Maziasz v. AndersonAnnotate this Case
45 Wis. 2d 664 (1970)
173 N.W.2d 585
MAZIASZ, Plaintiff and Respondent, v. ANDERSON and others, Defendants and Appellants: OHIO CASUALTY INSURANCE COMPANY, Defendant and Respondent.[*]
Supreme Court of Wisconsin.
Argued January 6, 1970.
Decided February 6, 1970.
*666 For the appellants there was a brief by Ames, Riordan, Crivello & Sullivan, attorneys, and John H. Ames of counsel, all of Milwaukee, and oral argument by John H. Ames.
*667 For the defendant-respondent there was a brief by Giffin, Simarski, Goodrich & Brennan, attorneys, and Alvin A. Stack of counsel, all of Milwaukee, and oral argument by Mr. Stack.
The obligation of an insurance company is imposed either by the terms of the contract entered into with its named insured or by the provisions of statutory law which are imported into the contract by legislative enactment. Stone v. Inter-State Exchange (1930), 200 Wis. 585, 229 N.W. 26; Drewek v. Milwaukee Automobile Ins. Co. (1932), 207 Wis. 445, 240 N.W. 881.
It appears clear that no express coverage is afforded by the policy. The Ohio Casualty Insurance Company's policy insuring the hazards of the Bruce Municipal Equipment Company is limited to its obligation:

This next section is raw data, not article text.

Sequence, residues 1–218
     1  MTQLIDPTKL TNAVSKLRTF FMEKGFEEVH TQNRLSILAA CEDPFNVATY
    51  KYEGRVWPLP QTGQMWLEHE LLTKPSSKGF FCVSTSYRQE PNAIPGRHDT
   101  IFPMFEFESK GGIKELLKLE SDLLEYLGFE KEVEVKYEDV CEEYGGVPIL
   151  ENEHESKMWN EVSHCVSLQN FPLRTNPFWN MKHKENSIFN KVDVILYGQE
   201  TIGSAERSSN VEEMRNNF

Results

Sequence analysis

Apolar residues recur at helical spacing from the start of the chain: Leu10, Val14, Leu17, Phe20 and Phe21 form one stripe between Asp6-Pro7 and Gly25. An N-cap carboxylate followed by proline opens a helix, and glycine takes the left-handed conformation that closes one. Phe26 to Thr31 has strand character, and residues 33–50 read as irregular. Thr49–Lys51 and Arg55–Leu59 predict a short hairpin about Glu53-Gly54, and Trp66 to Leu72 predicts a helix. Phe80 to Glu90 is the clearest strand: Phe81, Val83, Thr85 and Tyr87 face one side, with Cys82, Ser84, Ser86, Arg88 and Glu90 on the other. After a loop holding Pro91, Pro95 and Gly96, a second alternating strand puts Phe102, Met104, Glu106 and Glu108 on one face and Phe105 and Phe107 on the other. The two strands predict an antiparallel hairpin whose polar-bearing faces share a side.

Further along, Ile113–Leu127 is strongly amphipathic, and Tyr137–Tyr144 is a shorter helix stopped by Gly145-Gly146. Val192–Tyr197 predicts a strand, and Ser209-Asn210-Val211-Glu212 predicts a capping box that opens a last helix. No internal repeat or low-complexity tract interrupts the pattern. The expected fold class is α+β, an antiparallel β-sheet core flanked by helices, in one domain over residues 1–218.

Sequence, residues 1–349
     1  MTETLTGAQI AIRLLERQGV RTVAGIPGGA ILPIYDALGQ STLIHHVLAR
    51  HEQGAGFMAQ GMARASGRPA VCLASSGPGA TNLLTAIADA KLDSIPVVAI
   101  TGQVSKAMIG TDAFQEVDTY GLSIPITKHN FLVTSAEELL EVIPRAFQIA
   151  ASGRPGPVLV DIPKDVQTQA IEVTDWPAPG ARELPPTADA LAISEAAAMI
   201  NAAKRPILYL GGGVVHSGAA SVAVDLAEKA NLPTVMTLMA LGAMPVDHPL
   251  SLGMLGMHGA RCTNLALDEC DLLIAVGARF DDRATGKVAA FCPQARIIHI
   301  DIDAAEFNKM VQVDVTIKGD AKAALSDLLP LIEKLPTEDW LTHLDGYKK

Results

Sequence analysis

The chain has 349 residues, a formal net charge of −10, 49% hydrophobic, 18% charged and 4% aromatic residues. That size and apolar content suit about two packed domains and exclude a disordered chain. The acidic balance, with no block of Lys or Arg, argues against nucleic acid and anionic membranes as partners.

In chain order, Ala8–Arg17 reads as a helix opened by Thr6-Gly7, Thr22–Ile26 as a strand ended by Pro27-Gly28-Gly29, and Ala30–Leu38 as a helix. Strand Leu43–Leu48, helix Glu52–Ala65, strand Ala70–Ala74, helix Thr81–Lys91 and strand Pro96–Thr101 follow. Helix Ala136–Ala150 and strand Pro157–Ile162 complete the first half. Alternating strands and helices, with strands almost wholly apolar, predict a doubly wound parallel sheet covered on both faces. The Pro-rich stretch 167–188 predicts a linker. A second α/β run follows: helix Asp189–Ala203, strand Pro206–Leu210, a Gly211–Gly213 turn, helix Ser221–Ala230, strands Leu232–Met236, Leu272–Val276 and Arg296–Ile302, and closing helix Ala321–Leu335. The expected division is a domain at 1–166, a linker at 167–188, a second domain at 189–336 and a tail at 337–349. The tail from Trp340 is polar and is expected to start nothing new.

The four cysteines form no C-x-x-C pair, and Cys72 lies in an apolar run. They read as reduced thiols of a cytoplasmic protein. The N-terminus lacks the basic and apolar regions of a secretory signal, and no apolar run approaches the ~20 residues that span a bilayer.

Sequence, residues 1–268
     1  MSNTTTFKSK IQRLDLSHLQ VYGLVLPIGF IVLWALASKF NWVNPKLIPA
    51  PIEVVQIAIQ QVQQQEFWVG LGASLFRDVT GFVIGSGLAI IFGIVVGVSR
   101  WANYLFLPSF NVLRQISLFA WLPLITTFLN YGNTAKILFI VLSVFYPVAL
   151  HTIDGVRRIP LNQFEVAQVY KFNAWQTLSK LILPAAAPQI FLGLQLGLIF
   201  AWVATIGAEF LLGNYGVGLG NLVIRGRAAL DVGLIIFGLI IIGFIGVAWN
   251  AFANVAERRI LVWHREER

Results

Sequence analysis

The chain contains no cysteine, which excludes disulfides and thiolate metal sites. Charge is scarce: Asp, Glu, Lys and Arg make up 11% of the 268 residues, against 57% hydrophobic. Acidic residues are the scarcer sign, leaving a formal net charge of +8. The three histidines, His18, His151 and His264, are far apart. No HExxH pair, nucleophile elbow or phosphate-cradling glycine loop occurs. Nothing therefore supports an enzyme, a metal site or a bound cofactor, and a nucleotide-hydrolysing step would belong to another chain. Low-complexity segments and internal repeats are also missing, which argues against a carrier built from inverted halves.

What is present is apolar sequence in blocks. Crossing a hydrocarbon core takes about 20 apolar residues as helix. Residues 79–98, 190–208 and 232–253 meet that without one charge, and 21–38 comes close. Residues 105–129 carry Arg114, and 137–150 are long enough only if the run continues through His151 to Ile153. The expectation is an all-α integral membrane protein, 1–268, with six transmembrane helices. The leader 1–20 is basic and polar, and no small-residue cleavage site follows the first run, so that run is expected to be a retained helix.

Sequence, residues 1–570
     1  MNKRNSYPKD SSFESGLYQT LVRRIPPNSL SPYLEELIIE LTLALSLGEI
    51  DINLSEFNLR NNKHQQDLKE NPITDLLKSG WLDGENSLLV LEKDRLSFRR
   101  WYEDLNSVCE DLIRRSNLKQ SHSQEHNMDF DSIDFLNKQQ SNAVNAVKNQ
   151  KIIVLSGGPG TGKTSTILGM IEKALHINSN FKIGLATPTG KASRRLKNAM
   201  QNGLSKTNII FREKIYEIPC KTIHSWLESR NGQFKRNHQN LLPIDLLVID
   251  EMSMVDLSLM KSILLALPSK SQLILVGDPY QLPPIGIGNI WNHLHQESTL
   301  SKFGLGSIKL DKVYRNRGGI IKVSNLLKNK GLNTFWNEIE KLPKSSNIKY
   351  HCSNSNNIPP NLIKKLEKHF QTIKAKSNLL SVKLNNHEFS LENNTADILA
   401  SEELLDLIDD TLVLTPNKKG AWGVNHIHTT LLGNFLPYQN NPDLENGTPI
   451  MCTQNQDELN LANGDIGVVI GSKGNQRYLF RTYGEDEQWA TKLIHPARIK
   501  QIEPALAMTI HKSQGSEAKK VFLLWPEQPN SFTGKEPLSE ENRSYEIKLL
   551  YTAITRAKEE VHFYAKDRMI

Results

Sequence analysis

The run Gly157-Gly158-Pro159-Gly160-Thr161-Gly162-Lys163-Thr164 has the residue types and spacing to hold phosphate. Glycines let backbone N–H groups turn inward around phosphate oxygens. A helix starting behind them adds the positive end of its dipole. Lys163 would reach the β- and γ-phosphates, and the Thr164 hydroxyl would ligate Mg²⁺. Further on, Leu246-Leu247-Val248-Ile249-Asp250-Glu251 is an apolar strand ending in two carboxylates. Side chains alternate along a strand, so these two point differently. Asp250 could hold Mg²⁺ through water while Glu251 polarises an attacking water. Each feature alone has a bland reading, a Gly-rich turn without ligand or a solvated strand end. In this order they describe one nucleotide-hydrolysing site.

"To pay on behalf of the insured all sums which the insured shall become legally obligated to pay as damages because of bodily injury, sickness or disease, including death at any time resulting therefrom, sustained by any person, caused by accident and arising out of the hazards hereinafter defined."
The policy defines various hazards which may trigger coverage. We need not explore the several "hazard" situations outlined, for the simple reason that the incident which in fact occurred did not result in liability to Bruce Municipal Equipment Company "which the insured shall become legally obligated to pay."
In the circumstances of this case, Thomas was given a disposal truck as a loaner for use during the time that its vehicle was being repaired or was determined to be irrepairable. This court has uniformly held that, under those circumstances, the relationship is that of bailor and bailee and that the bailor, in this case Bruce Municipal Equipment Company, is not legally obliged to answer in damages for the negligence of the bailee or its *668 agents in the operation of the vehicle. This principle holds that, absent an actual or implied principal-agent relationship between the bailor and bailee, the negligence of the bailee is not imputed to the bailor.